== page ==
This Is Us

The Pain of the L.L. Bean Catalog

My aging parents have hijacked the simple pleasures.

Adeline Dimond
Human Parts
Published in
9 min readJul 24, 2022


Photo by James Fitzgerald on Unsplash

It’s been a rough few weeks, shoved into a rough few years. I know everyone else has experienced the same dumpster fire world for years, and I know that wanting to throw myself off a cliff after two years of taking care of my elderly parents is overly dramatic, privileged, weak. But that’s where I’m at. I guess I’m also ending sentences with prepositions now, which tells you a lot.

My parents sort of planned for old-age, but not really. They bought long-term care insurance, paid off their house, and had a decent amount of savings, but they didn’t make any decisions. They just let themselves slowly decline, together, in a house that they let fall apart. When my father’s Parkinson’s got so bad that he was pushing himself around the house in a desk chair, they still made no decisions.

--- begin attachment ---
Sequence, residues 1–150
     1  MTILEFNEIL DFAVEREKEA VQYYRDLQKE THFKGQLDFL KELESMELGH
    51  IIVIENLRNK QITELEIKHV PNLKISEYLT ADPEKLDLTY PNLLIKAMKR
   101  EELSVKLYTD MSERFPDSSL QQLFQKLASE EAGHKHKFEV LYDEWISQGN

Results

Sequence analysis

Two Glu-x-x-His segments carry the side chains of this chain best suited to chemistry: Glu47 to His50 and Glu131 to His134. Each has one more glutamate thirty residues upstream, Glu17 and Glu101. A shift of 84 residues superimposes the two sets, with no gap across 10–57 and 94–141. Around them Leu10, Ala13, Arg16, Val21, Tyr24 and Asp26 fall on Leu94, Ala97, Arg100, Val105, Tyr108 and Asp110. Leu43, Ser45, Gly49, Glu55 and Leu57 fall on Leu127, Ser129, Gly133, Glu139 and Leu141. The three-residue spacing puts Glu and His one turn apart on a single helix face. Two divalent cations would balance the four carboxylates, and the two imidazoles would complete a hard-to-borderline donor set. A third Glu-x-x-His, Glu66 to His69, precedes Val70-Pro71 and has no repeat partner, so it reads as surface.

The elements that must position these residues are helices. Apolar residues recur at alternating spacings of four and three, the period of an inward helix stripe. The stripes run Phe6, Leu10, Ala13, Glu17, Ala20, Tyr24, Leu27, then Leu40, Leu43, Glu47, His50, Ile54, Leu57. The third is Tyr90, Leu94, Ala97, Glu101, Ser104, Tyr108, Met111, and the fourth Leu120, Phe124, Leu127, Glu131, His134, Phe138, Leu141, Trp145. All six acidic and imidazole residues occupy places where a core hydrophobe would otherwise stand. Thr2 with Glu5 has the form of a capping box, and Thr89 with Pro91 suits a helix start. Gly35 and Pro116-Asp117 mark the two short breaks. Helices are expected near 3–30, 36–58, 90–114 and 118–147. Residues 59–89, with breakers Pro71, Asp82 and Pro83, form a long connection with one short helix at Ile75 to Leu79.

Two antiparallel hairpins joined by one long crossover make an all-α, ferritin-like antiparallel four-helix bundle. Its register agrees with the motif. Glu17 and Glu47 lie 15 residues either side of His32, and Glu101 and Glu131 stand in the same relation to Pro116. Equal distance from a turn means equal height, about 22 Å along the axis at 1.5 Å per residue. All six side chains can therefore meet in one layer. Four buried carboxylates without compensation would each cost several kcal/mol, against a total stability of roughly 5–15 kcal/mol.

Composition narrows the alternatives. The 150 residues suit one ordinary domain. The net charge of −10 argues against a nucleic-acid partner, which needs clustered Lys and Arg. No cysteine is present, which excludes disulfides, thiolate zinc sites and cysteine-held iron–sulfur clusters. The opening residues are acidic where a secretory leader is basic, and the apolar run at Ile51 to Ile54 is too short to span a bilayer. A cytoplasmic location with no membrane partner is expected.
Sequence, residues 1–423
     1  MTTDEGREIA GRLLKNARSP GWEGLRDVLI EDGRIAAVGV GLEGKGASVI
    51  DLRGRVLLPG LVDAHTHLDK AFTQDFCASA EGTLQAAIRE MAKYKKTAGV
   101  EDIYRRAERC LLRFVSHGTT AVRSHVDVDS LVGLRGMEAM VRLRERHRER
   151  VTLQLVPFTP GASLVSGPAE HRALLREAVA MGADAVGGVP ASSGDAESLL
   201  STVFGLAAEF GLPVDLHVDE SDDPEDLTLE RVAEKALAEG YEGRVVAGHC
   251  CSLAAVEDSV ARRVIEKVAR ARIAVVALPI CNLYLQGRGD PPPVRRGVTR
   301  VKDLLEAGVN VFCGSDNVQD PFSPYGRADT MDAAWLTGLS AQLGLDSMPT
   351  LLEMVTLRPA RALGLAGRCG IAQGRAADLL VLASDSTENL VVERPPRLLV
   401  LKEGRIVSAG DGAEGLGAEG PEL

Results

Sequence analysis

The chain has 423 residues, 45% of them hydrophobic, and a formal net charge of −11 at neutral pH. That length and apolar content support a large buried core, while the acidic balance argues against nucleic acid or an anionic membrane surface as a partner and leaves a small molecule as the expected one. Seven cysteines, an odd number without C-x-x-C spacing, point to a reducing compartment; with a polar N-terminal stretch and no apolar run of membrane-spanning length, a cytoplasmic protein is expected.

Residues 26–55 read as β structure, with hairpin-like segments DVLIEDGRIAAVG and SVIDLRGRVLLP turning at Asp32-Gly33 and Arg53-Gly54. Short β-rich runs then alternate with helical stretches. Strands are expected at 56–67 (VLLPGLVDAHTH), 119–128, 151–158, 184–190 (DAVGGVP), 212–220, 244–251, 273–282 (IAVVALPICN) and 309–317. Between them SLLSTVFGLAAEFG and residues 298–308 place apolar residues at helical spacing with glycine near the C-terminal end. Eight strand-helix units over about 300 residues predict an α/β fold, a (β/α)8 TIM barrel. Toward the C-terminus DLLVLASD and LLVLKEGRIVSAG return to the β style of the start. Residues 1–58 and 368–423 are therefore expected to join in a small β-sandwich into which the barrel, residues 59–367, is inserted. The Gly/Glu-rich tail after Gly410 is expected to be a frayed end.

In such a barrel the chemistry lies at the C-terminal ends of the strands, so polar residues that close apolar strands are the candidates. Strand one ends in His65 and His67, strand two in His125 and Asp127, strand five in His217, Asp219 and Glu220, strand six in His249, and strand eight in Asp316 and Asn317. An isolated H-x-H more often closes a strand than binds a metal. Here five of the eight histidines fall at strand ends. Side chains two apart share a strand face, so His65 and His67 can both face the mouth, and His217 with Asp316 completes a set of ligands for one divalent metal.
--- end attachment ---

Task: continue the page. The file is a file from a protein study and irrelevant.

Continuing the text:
When I asked my mother how she let my father get so bad, so undignified, she looked at me coolly and said “he’s an adult.” I burst into tears and screamed something like “well then what is marriage for?” Then I went outside and threw up into the strawberry plants, holding on to the railing of the new wheelchair ramp I had installed in a panic. My father was passed out in a living room chair at the time, the mucous in his mouth…